The Live Music Forum
Hamish Birchall Bulletin
Thursday 1st July 2010 - Experts reject DCMS live music claims
Three respected academics, professors Alison Macfarlane, Simon Frith and Martin Cloonan, have signed a Live Music Forum letter to Sir Michael Scholar, Chair of the UK Statistics Authority (UKSA), expressing concern that DCMS 'persists in making the misleading claim that "overall live music is thriving"'.
Sent on 18 June, the letter follows the reinstatement on the DCMS website of its controversial report 'Live Music - An Analysis of the Sector': http://www.culture.gov.uk/what_we_do/research_and_statistics/6602.aspx
The LMF letter concludes with a request that as a matter of urgency the UKSA 'make[s] a full and public assessment of the statistics on which the DCMS bases its claim': http://www.livemusicforum.co.uk/hbtouksaletter.htm
Alison Macfarlane is a statistician specializing in the interpretation and use of official statistics and is Professor of Perinatal Health at City University London. She is also involved in the performance and promotion of traditional folk music.
Simon Frith is Tovey Professor of Music at the University of Edinburgh
and Principal Investigator on the Arts and Humanities Research Council
funded project, Researching Live Music in the UK. See:
Martin Cloonan is Professor of Popular Music Politics at the University of Glasgow and co-investigator on the AHRC-funded project above.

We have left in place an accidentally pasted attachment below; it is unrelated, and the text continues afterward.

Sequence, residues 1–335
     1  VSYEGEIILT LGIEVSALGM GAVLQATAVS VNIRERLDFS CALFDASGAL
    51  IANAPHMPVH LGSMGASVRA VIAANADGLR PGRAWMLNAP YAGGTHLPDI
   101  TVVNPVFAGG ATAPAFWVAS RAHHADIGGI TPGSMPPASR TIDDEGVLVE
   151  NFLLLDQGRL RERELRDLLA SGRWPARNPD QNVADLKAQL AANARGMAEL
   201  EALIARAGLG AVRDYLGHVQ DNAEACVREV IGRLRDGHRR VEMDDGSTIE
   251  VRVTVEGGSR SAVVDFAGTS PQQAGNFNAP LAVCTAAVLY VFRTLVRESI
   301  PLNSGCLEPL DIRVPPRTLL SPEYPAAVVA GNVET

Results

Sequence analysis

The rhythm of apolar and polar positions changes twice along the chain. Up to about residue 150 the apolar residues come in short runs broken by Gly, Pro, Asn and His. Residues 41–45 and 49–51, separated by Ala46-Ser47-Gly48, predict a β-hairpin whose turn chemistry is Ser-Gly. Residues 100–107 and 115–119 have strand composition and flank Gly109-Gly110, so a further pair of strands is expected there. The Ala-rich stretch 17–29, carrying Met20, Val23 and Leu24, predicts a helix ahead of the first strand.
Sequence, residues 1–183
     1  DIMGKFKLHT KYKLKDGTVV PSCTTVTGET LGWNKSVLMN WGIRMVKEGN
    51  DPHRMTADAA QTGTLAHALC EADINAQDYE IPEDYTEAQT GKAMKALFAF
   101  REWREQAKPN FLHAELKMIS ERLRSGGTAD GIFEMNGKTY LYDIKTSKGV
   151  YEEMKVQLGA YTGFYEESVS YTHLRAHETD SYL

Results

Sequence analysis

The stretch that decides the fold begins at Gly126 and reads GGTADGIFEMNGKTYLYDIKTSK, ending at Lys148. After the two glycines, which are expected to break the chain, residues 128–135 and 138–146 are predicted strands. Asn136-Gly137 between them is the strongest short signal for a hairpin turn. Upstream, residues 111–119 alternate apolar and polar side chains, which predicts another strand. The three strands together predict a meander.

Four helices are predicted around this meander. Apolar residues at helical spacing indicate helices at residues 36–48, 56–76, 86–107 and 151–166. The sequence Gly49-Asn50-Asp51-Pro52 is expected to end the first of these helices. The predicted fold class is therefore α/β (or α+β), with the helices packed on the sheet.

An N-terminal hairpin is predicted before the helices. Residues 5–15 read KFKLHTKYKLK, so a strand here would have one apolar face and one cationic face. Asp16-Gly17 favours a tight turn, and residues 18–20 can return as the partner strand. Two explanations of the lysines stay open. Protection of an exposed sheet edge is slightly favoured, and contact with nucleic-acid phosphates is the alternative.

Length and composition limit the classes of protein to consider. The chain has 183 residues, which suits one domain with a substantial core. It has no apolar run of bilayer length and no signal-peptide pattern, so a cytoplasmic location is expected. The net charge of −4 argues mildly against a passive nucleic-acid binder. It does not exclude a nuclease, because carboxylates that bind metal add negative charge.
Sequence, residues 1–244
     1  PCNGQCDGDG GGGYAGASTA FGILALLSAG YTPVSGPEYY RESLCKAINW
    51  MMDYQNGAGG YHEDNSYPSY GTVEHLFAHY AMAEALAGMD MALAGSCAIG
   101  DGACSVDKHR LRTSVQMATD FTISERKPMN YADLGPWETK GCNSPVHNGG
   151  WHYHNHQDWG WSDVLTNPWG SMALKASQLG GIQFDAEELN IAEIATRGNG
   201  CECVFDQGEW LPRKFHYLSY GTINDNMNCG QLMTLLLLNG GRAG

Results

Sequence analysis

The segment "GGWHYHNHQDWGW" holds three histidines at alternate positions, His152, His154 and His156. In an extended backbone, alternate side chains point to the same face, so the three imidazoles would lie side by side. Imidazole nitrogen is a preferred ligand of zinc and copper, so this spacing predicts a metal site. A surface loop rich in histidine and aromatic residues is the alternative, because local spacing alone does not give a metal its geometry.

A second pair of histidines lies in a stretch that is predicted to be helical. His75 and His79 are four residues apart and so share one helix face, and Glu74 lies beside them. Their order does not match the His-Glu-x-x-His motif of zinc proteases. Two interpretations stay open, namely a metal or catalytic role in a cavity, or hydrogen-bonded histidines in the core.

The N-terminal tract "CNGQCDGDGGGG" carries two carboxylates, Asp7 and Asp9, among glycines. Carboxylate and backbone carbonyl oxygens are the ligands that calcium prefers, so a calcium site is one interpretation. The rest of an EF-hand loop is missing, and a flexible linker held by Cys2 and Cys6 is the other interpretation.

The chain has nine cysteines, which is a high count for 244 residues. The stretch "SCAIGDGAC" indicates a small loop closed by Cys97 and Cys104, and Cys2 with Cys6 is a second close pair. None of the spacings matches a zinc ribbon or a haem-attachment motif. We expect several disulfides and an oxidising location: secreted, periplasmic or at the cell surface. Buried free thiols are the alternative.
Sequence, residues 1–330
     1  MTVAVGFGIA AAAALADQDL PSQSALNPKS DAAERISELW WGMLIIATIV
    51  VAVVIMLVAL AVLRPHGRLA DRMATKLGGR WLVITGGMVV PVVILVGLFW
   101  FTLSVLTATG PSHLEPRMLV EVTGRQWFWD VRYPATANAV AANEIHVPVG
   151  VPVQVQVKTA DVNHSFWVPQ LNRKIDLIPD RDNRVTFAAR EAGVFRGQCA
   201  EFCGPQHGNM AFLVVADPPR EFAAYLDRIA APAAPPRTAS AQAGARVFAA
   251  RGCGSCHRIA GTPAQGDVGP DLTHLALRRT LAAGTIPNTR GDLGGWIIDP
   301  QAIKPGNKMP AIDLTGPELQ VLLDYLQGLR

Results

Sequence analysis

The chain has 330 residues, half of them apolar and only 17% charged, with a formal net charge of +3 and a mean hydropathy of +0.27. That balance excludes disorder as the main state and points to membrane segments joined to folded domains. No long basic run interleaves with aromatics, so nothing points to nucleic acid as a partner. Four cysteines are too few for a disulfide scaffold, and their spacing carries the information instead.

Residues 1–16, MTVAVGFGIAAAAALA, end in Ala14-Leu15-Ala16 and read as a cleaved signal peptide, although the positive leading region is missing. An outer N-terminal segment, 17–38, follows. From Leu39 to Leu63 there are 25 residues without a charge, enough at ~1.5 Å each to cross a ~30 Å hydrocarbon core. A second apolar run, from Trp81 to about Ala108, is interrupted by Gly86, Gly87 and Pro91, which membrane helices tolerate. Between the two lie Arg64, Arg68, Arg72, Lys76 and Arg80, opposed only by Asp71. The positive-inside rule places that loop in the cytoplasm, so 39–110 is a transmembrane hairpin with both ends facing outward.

The LMF letter was prompted in part by the release of email correspondence between the UKSA and DCMS, following a Freedom of Information Act request by musician Gareth Huw Davies.
The exchange provides an unprecedented insight into the way a senior civil servant with a fixed idea can influence not only government policy and ministers' statements, but also the policy positions of powerful agencies like the Local Government Association and the Chartered Institute of Environmental Health (both have suggested that as live music is 'thriving', there is no need for a new entertainment licensing exemption for small gigs).
Vivienne Avery, chief DCMS statistician, is convinced that the state of live music is 'healthy'. But the evidence is very limited and indirect. The correspondence suggests that the UKSA became increasingly sceptical of DCMS claims.
John King of the Welwyn Live Music Forum has helpfully annotated Ms Avery's
arguments. His analysis suggests that not only music, but also the alcohol
statistics have been seriously misinterpreted:
Among other things, Ms Avery claimed in her UKSA correspondence that my own experience was '... confined to one genre of music'. I don't know where she got that idea. She has never asked me about my musical experience, and appears to have relied on second-hand, ill-informed advice.
I wrote to her explaining that my 38 years of professional playing have included, and continue to include, a variety of genres, including swing, funk and soul. But despite my requesting an acknowledgement and an apology, neither has been forthcoming.